Have you noticed something new in news coverage recently? Maybe, even, something a little . . . positive?

The Columbia Journalism Review has. It has identified a new trend – the news media emphasizing upbeat, good-news stories. And it even says that they are good for business.

To me, the new attention to positive, inspiring stories has been most obvious in network news. All the national prime-time news shows now end their half-hour with an uplifting piece that can often lead to misting around the eyes. Of course, the morning shows regularly emphasize upbeat pieces, as does CBS Sunday Morning. And even 60 Minutes seems to present more profiles of role models and heroes than the investigative exposés that used to be their forte.

But CJR shows that the trend goes far beyond TV. It has evolved into its own successful brands: Huffington Post Good News, ABC Good News, websites like Positive News and the Good News Network. And just this month, the Washington Post is launching a new newsletter for its digital subscribers called The Optimist. (Here’s a sample, courtesy of CJR.)

The trend is controversial in journalism circles. Is it leading down the path away from real news and toward entertainment, like the websites that offer a steady parade of cute cats and dogs? It is attracting sponsors, and eyeballs, and making money for media outlets, but is it news?

To communicators, it raises another question: Will the discovery of good-news stories open the door for more articles that are, just, positive?

Stay tuned.

Thursday, August 28, 2014

PCG Managing Partner Named President of Nuclear Energy Industry Organization

At PCG, we pride ourselves on being the leading experts in industry communications, especially in technical fields like nuclear power. Rightly so, since our staff members are active participants in industry organizations like the American Nuclear Society, Utility Communicators International, International Atomic Energy Agency, Nuclear Energy Institute and others.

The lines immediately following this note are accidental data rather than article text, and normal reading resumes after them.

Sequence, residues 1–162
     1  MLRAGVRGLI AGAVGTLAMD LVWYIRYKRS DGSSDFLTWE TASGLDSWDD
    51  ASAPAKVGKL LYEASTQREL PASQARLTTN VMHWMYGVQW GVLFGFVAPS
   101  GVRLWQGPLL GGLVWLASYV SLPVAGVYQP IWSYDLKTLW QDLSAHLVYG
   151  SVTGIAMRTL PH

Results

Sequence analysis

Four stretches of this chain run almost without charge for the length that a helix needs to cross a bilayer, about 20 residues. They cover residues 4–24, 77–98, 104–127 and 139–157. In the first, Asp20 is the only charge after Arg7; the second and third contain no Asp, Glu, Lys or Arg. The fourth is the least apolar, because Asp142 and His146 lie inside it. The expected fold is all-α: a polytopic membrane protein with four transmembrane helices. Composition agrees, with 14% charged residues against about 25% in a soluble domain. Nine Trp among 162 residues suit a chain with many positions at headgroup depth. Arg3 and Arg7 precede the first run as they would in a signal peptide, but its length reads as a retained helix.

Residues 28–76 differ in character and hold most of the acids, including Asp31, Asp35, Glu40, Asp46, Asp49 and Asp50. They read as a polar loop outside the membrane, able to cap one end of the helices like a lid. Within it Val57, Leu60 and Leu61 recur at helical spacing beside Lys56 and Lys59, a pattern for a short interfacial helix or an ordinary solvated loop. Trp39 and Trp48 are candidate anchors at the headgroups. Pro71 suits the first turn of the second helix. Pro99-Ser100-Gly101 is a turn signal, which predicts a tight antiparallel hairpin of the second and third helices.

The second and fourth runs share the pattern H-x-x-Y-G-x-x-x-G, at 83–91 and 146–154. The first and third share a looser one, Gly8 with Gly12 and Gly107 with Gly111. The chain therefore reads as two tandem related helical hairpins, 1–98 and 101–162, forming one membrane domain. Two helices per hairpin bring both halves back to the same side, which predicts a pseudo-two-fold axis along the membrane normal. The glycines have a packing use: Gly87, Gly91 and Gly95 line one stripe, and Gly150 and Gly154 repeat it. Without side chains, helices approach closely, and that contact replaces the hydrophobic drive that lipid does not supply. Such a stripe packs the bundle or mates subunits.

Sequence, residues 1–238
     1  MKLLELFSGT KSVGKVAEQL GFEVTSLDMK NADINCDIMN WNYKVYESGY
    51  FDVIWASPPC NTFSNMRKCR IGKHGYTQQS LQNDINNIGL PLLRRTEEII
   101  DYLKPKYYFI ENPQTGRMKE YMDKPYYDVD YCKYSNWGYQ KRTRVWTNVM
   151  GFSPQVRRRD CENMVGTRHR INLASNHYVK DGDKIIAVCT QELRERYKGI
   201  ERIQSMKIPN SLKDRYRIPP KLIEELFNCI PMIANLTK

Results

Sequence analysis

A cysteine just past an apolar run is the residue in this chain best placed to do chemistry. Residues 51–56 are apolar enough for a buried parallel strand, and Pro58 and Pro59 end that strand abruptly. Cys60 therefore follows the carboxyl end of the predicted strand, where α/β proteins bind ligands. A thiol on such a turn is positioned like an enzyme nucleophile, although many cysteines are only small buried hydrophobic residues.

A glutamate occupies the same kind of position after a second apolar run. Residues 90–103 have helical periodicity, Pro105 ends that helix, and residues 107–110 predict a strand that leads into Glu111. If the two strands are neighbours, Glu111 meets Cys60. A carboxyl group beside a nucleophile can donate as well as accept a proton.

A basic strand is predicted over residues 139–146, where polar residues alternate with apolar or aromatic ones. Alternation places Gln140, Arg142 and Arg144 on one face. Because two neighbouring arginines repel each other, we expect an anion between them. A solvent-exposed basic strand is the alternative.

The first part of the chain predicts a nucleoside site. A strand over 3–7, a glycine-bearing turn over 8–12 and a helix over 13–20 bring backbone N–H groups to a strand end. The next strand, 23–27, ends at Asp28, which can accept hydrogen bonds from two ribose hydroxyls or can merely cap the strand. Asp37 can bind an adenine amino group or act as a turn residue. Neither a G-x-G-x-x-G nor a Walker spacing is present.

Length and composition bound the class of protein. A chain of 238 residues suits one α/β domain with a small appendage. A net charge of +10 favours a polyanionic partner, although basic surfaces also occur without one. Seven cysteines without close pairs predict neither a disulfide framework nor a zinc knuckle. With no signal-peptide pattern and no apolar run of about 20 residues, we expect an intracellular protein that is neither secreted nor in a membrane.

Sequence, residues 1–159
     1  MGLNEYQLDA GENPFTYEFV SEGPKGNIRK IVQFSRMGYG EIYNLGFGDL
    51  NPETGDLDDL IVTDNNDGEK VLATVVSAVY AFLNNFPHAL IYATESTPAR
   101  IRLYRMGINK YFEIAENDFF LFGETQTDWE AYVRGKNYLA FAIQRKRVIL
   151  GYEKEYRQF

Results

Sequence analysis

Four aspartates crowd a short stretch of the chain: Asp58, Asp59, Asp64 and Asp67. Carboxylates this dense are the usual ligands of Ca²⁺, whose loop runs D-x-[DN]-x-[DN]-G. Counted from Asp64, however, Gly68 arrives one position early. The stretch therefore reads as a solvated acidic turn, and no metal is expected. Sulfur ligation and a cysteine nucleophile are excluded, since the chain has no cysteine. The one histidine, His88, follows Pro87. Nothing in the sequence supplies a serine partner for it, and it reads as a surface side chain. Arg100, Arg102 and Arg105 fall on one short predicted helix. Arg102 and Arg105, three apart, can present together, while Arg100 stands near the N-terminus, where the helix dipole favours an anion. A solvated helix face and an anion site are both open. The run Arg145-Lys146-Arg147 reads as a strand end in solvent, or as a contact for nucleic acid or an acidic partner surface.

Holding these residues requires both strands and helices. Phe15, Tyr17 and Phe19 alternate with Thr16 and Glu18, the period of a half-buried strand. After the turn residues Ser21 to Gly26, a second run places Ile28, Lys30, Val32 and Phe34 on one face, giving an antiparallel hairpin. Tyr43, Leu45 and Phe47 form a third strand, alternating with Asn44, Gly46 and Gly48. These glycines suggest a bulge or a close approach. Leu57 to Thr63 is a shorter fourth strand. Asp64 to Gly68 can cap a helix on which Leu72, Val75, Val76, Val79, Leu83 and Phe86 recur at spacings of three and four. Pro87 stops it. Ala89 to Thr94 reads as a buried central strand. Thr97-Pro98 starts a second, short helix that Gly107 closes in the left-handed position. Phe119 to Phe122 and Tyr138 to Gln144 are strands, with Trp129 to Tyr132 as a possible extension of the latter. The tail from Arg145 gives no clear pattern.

Now, we can also proudly share that our staff includes the president of one of the most respected nuclear energy industry organizations. Mimi Holland Limbach, our managing partner, was just inducted as president of the Pacific Nuclear Council (PNC). Mimi will serve in this role until 2016.

The PNC is an organization composed primarily of nuclear societies and associations from nations around the Pacific Rim. This organization provides best practices to those nations through its working groups, which address key industry issues and areas for improvement.

Mimi’s formal installation took place yesterday evening at the PNC’s 19th biannual international gathering, the Pacific Basin Nuclear Conference, held in Vancouver, British Columbia.

Please join us in congratulating Mimi on her new position!

Mimi taking the helm of the PNC

Friday, August 22, 2014

The Horror of the Blank Page

Here at PCG, we help clients communicate effectively through almost every form imaginable, except skywriting (so far) – from press releases to infographics, from presentations to online advertising. But no matter how the information is delivered, it all begins the same way: with words on paper, or on a screen.

So even deep into the digital age, we still emphasize the basic skill of effective writing. Get the messages clear, get the storyline clear, and then present it in a persuasive, appealing style.

The hardest part is getting started. That was the subject of an in-house tutorial led by our partner Leonard Greenberger. He was the right tutor since last year he published his own book, What To Say When Things GetTough: Business Communication Strategies for Winning People Over When They’reAngry, Worried, and Suspicious of Everything You Say (McGraw Hill Education). And he admits that the hardest part was filling up the first page.

So he began the session with two telling quotes from major writers:

When asked about the most frightening thing he had ever encountered, Ernest Hemingway – the war correspondent on the ground in both World War I and World War II – answered, “A blank sheet of paper.”

And Stephen King, the master of horror, once said, “The scariest moment is always just before you start writing.”

They reminded me of one of my own favorite quotes about writing, from the journalist and author Gene Fowler: “Writing is easy. All you do is sit staring at a blank sheet of paper until drops of blood form on your forehead.”

Good writing isn’t for the queasy. Maybe that’s why it’s so rare.

Monday, August 4, 2014

A few of our favorite things